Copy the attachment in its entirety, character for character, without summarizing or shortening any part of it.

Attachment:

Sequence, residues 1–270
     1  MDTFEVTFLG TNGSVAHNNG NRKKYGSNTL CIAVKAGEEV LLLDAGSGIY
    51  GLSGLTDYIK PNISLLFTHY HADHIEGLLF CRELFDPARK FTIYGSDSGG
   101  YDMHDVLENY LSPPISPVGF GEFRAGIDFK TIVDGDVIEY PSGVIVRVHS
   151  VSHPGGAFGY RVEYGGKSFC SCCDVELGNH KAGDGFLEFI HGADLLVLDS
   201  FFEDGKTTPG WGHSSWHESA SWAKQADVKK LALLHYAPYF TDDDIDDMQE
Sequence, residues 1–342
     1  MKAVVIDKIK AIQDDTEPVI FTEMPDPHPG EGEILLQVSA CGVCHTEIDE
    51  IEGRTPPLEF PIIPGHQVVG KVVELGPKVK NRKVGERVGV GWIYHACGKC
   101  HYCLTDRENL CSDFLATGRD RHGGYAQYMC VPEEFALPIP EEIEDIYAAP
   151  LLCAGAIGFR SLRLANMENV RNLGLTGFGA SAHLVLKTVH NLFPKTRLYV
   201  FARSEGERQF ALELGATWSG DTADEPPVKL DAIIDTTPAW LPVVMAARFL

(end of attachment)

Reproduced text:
Sequence, residues 1–270
     1  MDTFEVTFLG TNGSVAHNNG NRKKYGSNTL CIAVKAGEEV LLLDAGSGIY
    51  GLSGLTDYIK PNISLLFTHY HADHIEGLLF CRELFDPARK FTIYGSDSGG
   101  YDMHDVLENY LSPPISPVGF GEFRAGIDFK TIVDGDVIEY PSGVIVRVHS
   151  VSHPGGAFGY RVEYGGKSFC SCCDVELGNH KAGDGFLEFI HGADLLVLDS
   201  FFEDGKTTPG WGHSSWHESA SWAKQADVKK LALLHYAPYF TDDDIDDMQE
Sequence, residues 1–342
     1  MKAVVIDKIK AIQDDTEPVI FTEMPDPHPG EGEILLQVSA CGVCHTEIDE
    51  IEGRTPPLEF PIIPGHQVVG KVVELGPKVK NRKVGERVGV GWIYHACGKC
   101  HYCLTDRENL CSDFLATGRD RHGGYAQYMC VPEEFALPIP EEIEDIYAAP
   151  LLCAGAIGFR SLRLANMENV RNLGLTGFGA SAHLVLKTVH NLFPKTRLYV
   201  FARSEGERQF ALELGATWSG DTADEPPVKL DAIIDTTPAW LPVVMAARFL